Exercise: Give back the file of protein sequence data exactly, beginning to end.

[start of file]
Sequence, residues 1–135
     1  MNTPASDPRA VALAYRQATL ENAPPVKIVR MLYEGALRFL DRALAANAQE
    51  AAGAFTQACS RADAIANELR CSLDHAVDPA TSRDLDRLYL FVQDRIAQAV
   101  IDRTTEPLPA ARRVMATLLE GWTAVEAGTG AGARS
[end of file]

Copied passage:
Sequence, residues 1–135
     1  MNTPASDPRA VALAYRQATL ENAPPVKIVR MLYEGALRFL DRALAANAQE
    51  AAGAFTQACS RADAIANELR CSLDHAVDPA TSRDLDRLYL FVQDRIAQAV
   101  IDRTTEPLPA ARRVMATLLE GWTAVEAGTG AGARS